In the early nineties you did four albums and one EP in just a year and a half and now you're at a pace of one album a year. How comes you're being less productive now than in the early nineties? Do you prefer to take more time to refine to music?
In the early 90ies I had nothing else to do so I spent almost all my time working with music. I also had a very pessimistic world view and was convinced I needed to finish my records before it was too late for me to do so. Today I have so much else to do as well, and am more relaxed when it comes to the future. I still think everything is going ad undas
, but I approach the problem in a more Stoic way, so to speak.
With that said, I can tell that I do spend more time refining each album now.
Finally I can add that there are no "serious" (i.e. commercial) labels or distributors interested in publishing more than one album by an artist each year anyhow. They want to maximize profits before they allow another album to be released.
What actually inspires your creativity nowadays? Is it any different now compared to twenty or fifteen years ago?
No, there is really no difference. I think the best way to put it is to say that I am inspired by the metaphysical vertigo
, and the subsequent need to create harmony to compensate for the lack of harmony in our world. I try to add colours to a gray picture, so to speak, to make it more bearable.
You have re-recorded some old tracks and released them as "From the Depths of Darkness". What didn't you like about the original versions?
Well, I found the vocals on the debut album too annoying, and also the lack of a ride, and the technical quality of the second album was simply too bad for me to be able to appreciate it.
What do these tracks and this period of your life inspire you now?
They are memories of what once was.
Has going back into your musical past had any impact on "Umskiptar"? If yes, how and what are the effects?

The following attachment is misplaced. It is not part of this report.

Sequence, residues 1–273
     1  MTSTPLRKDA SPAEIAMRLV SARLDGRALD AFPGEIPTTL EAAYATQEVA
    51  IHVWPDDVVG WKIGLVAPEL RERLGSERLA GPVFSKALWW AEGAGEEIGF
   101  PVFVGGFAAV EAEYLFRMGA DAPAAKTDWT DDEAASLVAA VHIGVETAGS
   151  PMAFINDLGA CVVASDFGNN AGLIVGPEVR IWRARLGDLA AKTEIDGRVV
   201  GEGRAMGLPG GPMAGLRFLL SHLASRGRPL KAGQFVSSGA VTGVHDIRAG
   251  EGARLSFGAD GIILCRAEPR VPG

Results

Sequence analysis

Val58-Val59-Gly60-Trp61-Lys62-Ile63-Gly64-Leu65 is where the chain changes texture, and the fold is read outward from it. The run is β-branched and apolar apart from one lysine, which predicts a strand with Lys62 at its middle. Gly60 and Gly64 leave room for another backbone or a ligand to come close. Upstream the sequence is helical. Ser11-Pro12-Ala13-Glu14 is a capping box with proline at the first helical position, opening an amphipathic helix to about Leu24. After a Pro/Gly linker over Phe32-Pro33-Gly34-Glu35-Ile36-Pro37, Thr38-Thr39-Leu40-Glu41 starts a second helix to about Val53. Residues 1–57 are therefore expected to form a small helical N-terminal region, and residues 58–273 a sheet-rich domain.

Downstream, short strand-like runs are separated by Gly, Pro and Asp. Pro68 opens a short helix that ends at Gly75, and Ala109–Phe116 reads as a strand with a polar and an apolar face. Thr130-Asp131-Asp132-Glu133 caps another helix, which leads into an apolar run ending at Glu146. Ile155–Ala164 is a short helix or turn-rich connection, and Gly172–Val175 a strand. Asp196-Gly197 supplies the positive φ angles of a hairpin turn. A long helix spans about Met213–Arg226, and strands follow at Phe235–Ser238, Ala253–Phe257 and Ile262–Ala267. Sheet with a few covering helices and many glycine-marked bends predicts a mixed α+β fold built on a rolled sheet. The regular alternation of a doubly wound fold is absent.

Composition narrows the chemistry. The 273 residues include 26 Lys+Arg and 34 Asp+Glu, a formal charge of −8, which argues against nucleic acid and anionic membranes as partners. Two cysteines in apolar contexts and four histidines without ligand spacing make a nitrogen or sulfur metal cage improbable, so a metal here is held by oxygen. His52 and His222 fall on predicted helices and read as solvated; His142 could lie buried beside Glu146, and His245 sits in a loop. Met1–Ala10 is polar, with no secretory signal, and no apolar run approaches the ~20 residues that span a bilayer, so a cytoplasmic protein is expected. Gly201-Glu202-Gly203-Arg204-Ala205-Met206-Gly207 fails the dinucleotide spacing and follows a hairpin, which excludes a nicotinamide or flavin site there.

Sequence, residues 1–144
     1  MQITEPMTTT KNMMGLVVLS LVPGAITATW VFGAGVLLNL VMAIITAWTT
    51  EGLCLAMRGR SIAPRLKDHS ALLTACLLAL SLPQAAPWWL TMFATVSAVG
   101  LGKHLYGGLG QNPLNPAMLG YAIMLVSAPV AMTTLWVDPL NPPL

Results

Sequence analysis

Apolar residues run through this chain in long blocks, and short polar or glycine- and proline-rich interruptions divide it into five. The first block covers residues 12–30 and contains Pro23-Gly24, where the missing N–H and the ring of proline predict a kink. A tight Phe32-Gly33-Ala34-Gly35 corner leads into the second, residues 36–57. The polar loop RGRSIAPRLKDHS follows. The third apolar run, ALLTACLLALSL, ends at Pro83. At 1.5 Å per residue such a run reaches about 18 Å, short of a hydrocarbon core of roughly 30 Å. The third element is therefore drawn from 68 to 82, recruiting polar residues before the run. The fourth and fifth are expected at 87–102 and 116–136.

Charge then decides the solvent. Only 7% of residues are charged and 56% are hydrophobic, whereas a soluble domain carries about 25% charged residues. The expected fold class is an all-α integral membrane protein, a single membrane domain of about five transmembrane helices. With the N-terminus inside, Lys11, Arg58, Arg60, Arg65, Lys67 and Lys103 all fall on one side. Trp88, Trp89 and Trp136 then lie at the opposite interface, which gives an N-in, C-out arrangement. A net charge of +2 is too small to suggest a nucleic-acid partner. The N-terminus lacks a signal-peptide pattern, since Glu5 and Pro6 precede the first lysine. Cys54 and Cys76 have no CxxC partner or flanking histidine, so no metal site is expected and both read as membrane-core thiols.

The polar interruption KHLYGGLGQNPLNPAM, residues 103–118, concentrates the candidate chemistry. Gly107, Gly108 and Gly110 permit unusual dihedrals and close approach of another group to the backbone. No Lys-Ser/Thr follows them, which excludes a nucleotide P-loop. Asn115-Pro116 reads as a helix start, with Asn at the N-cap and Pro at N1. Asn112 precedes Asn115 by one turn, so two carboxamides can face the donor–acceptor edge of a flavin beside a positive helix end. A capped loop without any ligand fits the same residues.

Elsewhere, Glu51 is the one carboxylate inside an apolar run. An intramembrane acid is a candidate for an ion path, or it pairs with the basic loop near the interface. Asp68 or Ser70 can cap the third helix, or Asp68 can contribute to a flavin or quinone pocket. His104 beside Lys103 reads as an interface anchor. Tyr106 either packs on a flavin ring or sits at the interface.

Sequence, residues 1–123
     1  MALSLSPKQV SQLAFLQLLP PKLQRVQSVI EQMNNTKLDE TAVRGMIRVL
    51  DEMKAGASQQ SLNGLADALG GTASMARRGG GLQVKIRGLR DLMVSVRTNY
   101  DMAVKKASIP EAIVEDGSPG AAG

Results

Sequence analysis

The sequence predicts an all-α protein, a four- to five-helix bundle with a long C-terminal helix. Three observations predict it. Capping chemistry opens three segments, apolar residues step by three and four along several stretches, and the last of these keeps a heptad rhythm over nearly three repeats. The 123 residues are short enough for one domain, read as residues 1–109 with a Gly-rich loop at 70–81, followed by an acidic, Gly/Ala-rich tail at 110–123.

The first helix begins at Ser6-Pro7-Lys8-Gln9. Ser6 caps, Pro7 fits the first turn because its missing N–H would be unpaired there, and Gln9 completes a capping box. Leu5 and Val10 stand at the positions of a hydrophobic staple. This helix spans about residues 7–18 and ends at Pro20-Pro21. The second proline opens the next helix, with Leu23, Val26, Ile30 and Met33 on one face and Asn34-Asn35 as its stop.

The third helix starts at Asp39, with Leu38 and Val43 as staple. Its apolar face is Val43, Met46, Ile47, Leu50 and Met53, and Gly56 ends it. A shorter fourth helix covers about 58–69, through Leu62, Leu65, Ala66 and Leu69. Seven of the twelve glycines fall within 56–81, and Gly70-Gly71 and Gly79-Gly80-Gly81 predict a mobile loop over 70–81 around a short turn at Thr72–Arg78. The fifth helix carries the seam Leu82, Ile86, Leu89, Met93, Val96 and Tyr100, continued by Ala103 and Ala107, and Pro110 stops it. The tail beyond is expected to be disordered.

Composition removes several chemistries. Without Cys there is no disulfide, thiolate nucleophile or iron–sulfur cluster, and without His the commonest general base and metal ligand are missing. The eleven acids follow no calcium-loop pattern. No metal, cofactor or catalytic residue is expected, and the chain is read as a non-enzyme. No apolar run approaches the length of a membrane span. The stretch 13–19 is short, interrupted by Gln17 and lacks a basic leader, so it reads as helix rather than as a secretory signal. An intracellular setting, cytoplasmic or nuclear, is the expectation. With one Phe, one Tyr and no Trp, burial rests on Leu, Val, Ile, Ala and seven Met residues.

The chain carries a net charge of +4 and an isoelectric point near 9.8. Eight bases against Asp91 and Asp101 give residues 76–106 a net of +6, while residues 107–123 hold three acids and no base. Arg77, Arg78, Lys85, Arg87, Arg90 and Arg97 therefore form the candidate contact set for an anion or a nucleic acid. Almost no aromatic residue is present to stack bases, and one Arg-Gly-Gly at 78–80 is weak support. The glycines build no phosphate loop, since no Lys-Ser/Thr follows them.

The "From the Depths of Darkness"
album was recorded in mid 2010, in other words even before I recorded "Fallen"
, so it probably had more of an impact on that album than it did on "Umskiptar"
. How? Possibly by inspiring me to make more music in the first place, so it might have made both these albums come sooner than they otherwise would have. It is hard to point at any particular concrete effect.
It is apparent on "Umskiptar" that you wanted to give more importance to your vocals and its variety; there are actually a lot of clean vocals. What pushed you into this approach? Is it because you felt limited in your expression with purely raw vocals?
Well, I didn't really only used raw vocals before. Even on the second album there is a lot of clean vocals, used as choir on that particular album, and the clean vocal is there on both "Belus"
as well, so the only thing that has really changes in "Umskiptar"
is the amount
of clean vocals compared to the raw vocals. This time around I simply focused more on the clean vocals.
The reason why I did this? Because that is what fitted the concept best. I never really plan ahead when I make music. I let the music take the lead, and follow it wherever it takes me.
"Umskiptar" is the Old Norse term for Metamorphoses. Do you have the feeling to have metamorphosed with time, whether it is as a person or a musician? If yes, what has actually changed in you and why?
Perhaps you are identifying the album and Burzum a bit too much with me personally. I am really not talking about me or anything concerning me here. The title refers to the poem used as lyrics this time, the "Völuspá", describing the annual metamorphoses of nature, in a mythological language.
"Umskiptar" sounds rather peaceful and even relaxing. Is it because you're more at peace now than at the beginning of Burzum's career when you had much anger to express?
Probably yes. I am not a teenager anymore, and like I hinted to earlier in this interview today I relate to the world in a more Stoic manner.
The idea behind my music is in any case to enable some of the listeners to really relax and dream, and get a glimpse of the Godlen Age of the distant past, at least for a short while. The more mesmerizing it is the better.
You have stated that "Umskiptar" sees you going back to your roots. Does this mean you're restarting a cycle? And how does that inserts itself into Burzum discography that, I guess, follows this cycle?